Basics of the New York MTA Tax
Residents of New York State face a wide range of local taxes. For instance, New York has a fairly cumbersome tobacco tax, and there’s even a possibility that a new “soda tax” may be implemented in the future. Those living in the greater New York City metropolitan area, however, are uniquely subject to the MTA Tax.
The MTA Tax, more formally known as the “Metropolitan Commuter Transportation Mobility Tax” (or MCTMT) depending on their circumstances. In comparison to other taxes, though, the MTA Tax is actually rather modest – the highest rate currently is only 0.34% – but is a cornerstone of funding for transportation services such as trains, ferries and subways in the greater New York City area.
The MCTMT applies to employers and self-employed individuals. The rationale is that these employers and self-employed individuals consume local transportation services on a regular basis. Accordingly, the extra tax is warranted to balance out this consumption. In this article, we will cover the MCTMT in detail and then discuss why local taxes such as the MCTMT, or MTA Tax, make it necessary to find a qualified tax attorney in the New York City area.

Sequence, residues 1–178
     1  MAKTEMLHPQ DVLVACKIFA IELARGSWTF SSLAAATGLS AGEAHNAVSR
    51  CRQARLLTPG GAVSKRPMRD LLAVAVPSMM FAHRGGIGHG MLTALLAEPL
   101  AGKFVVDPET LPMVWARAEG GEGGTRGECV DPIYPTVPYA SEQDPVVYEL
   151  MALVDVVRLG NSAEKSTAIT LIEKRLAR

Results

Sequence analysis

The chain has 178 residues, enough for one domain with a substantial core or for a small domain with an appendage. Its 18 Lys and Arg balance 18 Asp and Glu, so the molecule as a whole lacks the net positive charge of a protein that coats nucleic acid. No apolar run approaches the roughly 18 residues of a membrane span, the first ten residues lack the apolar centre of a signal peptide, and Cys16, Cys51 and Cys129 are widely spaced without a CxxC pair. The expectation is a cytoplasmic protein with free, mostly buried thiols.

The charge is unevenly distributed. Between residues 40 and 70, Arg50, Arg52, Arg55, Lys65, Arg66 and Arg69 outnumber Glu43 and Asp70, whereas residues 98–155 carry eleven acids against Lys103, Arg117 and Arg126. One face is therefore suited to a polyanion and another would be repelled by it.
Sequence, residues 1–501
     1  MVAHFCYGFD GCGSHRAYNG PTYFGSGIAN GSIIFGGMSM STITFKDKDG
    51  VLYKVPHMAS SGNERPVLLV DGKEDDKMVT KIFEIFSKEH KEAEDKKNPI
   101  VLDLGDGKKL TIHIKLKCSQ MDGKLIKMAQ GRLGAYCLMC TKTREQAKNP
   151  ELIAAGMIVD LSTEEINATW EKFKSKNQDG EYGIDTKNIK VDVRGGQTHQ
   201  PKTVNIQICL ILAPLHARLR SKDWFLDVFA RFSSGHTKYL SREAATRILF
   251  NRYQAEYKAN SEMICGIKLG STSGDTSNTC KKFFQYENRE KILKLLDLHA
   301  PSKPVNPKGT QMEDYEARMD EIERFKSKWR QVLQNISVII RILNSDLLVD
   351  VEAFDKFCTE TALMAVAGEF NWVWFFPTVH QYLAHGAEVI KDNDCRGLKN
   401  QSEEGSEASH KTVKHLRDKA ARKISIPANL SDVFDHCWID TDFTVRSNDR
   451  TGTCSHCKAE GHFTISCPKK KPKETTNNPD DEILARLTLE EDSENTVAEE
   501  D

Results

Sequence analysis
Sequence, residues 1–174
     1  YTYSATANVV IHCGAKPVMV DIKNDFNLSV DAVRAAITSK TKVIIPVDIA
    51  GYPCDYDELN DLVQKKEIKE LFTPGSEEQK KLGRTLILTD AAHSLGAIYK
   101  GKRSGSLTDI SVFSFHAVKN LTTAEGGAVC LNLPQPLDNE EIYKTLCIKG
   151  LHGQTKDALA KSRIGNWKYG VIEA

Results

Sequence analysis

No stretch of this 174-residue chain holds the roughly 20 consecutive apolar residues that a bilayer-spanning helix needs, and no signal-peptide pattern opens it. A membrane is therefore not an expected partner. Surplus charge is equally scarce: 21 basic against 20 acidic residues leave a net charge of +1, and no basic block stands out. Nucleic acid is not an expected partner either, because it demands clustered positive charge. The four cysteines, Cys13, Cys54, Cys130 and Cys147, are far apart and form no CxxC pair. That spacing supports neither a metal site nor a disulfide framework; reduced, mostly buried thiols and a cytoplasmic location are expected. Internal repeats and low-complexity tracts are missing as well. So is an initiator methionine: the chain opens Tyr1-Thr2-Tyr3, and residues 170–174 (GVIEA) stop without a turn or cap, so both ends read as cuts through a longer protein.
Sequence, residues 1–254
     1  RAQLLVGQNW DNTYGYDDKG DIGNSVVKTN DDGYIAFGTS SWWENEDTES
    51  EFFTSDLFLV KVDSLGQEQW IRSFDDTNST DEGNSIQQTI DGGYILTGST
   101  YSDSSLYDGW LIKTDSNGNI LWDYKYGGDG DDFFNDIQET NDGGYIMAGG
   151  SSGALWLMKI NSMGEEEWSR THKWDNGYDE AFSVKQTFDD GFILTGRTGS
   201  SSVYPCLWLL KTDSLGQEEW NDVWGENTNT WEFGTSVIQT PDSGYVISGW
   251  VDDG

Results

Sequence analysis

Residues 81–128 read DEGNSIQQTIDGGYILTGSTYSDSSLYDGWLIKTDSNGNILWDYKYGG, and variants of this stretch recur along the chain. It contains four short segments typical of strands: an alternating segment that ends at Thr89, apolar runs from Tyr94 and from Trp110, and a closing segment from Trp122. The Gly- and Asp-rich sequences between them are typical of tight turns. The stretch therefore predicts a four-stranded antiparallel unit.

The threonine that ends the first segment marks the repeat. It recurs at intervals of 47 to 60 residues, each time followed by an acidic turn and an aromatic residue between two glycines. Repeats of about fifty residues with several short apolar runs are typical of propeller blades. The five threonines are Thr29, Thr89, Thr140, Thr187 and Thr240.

MTA Tax Localities and Rates
The MTA Tax is imposed within the “Metropolitan Commuter Transportation District,” or MCTD for short. The MCTD includes the five counties of New York City: Manhattan, Bronx, Kings (Brooklyn), Queens, Richmond (Staten Island). It also includes Rockland, Nassau, Suffolk, Orange, Putnam, Dutchess and Westchester counties.
Even if you’re an employer or self-employed individual within one of these areas, you might not be liable for the MCTMT tax. The MCTMT applies only if you meet the applicable thresholds. For employers, the following rates apply: for payroll expenses above $312,500 but not above $375,000, the rate is 0.11%; for payroll expenses above $375,000 but not above $437,500, the rate is 0.23%, and the rate only rises to 0.34% for payroll expenses above $437,500. Accordingly, if your payroll expenses don’t exceed $312,500, you won’t owe any tax under the MTA Tax, even if you’re operating within the MCTD.
For self-employed individuals, the situation is even more straightforward. Rather than basing liability on payroll expenses, MCTMT liability applies whenever a self-employed person has net income of $50,000 plus. Self-employed individuals who meet this threshold will pay at a flat rate of 0.34%. Net income for self-employed individuals follows the definition provided by Section 1402(a) of the Internal Revenue Code. If a self-employed person earns income outside the MCTD, they can allocate to properly compute their tax liability. The allocation is based on their earnings inside the MCTD and those earned outside the MCTD.
Applicability of the MTA Tax and Payment Schedule